Wednesday, July 28, 2010

Special Edition Duck Stamp Cachet

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Yesterday, I was invited to Memphis for the unveiling of a first-of-its-kind special edition Federal Duck Stamp cachet (envelope) which will be sold to collectors, conservationists, hunters, birders, and the general public ($25, $10 more than the standard duck stamp) to raise funds for additional land acquisition for National Wildlife Refuges along the Gulf Coast. Duck stamps have been a conservation tradition since 1934 -- many thousands are sold each year.

The press event was staged at Ducks Unlimited headquarters (the world's leader in wetlands and waterfowl conservation) and included such VIPs as Ken Salazar, United States Secretary of the Interior, Evan Hirsche, President of the National Wildlife Refuge Association, and Rowan Gould, Acting Director of the U.S. Fish and Wildlife Service.

So why would David Moynahan, Conservation Photographer, be invited to such an event? Well, last week, I got a call from National Wildlife Service in Washington asking if one of my photographs from St. Marks National Wildlife Refuge could be used for this project. They had searched for the right photo of coastal wildlife refuge wetlands and found my image among the winners in a National Wildlife Refuge Association Photo Contest (click - here's what they found ).

Wow! I was happy to be able to contribute in yet another small way toward healing the Gulf and protecting her shores.

The project suddenly went into the fast lane... and on Monday, a flight and hotel were booked for me to attend the press release on Tuesday. It was a great honor to be thanked by Secretary Salazar and many others, and to meet the heads of federal agencies who are working relentlessly to help restore the Gulf -- a closeup view of our government in action.

And, for the day, I was a VIP too. Cool.

ps- The public can purchase the special edition Federal Duck Stamp cachet from the FWS's distributor at 1-800-852-4897 or at

Here is what the cachet looks like. The photo is printed on silk and set in an embossed gold frame.

Monday, July 19, 2010

My Best Shot at Bay Scallops

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With black crude spewing in the Gulf, and the resulting cloud of poison moving ever closer to Florida's coast, I am seeing the beauty and bounty of our clear clean waters with new eyes. Like so many Floridians, Crystal and I are taking every opportunity to visit our beaches and swim in the Gulf. This summer (scallop season), that has meant going scalloping. The scallops apparently don't know about the oil yet and have flocked to the seagrass beds of Florida's Nature Coast.

Every year (for the 30 years I have been scalloping), I kick myself for not making the effort to photograph these incredibly beautiful sea creatures. Gather, shuck, saute, broil on-the-halfshell... or freeze some for off-season, but not photograph. So this year, finally, I spent all day Saturday with photobuddies, John Moran ( and Eric Zamora (, making scallop photos. (Well, we did have to collect some first, and then, why not shuck and eat them too?)

John and I have been talking scallop-photographing strategies for a few months. Between his mastery of lighting and the contraptions and ideas we came up with, we had a fantastic and successful day. Eric is ever-mindful of documentation (a big failure on my part) and uses video, audio, and still photos to show the process and progress of the adventure. I look forward to seeing his piece on our day in the Gulf off of Keaton Beach.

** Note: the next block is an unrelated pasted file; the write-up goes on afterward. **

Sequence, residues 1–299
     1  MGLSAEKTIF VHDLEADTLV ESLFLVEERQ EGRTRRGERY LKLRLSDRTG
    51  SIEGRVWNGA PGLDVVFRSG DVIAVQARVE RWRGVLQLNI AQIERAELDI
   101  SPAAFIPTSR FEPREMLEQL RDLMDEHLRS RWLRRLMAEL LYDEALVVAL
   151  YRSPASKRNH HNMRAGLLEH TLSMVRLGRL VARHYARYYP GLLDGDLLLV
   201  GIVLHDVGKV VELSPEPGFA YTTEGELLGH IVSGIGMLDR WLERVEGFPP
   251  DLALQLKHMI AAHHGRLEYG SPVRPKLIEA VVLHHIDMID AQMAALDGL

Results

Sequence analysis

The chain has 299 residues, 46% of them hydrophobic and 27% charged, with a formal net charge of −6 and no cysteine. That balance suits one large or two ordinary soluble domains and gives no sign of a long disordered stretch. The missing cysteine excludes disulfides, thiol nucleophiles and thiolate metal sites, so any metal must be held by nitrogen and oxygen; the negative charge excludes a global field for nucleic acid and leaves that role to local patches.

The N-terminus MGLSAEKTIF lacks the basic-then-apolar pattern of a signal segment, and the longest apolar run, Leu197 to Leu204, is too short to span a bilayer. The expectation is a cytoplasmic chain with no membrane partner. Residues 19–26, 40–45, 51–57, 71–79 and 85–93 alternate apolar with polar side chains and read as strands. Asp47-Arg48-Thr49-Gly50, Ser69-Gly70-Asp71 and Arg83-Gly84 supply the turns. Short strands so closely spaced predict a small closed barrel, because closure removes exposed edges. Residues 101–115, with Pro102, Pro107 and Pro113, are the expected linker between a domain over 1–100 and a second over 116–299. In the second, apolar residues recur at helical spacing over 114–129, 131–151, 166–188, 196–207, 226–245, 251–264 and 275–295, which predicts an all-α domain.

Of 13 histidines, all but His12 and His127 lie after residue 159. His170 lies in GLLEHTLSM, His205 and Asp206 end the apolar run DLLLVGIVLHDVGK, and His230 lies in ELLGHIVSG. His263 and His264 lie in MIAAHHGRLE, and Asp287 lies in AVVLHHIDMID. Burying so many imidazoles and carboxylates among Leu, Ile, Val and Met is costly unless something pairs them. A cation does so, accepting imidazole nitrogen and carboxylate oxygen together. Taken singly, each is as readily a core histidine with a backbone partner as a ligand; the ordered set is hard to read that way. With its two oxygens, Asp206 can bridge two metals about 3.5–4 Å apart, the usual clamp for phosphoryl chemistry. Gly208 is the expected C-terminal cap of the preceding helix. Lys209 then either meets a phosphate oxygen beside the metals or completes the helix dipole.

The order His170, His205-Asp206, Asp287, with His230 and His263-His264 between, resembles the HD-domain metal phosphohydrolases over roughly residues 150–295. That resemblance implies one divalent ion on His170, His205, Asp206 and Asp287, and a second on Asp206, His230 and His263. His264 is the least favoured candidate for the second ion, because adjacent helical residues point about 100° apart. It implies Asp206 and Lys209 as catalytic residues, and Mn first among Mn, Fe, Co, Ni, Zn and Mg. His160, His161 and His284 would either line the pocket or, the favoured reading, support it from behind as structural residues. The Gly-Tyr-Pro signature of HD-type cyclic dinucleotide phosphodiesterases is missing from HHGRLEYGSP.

While scallops are social creatures for sure, you don't often see them this cozy. But they do make a great group portrait!
Scallops see through those lovely blue eyes... and with eyes that beautiful, why not have a hundred of them instead of just two?
Scallops don't sit around like other bivalves. They use their strong (delicious) muscle to swim by sucking in water and then jetting it out. This photo also shows the sea grass habitat of the Gulf of Mexico's bay scallop.
This was a "failed" test shot as far as ambient light settings - the sea grass was supposed to show in the background. But the underexposure combined with bright flash (in a bag underwater) and the flecks of silt that we had stirred up came together to make this extraterrestrial delight. Nothing was altered here (except the viewer's perception).
What intricate beauty! A jewel of the sea.
The wind and waves made the water's surface tricky to shoot through (and most of the shots like this failed). But luck was with me on this one - the wavy surface creates the painterly quality, yet the detail and sharpness of the scallop is not obscured by reflections.
The scallops we gathered for the background here would occasionally swim to the surface and shoot saltwater at my camera or flash, leaving bubbles as they sank back to the bottom. Quick reflexes were a must -- saltwater is BAD for cameras.

Saturday, July 10, 2010

The Nature Conservancy's Disney Wilderness Preserve

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In Orlando for a conference, Ted and I snuck out one afternoon to visit the Nature Conservancy's Disney Wilderness Preserve. Through a friend, I had been introduced to some of the scientists there and so I had an invitation to take a tour. The roads were rough and wet in places so it took a special big wheeled vehicle to get around, but what a place! A variety of habitats, loads of wildlife, and great restoration work being done. The scrub jays showed off, Red-cockaded woodpeckers
kept their distance, sandhill cranes stalked around the marshes, some with chicks, some on nests, and, as the sun was setting, a flock of turkeys wandered across our path, strutting and shining and unconcerned with their human audience. We even saw a bobcat. It was a taste of Florida Nature -- I look forward to an extended visit next time.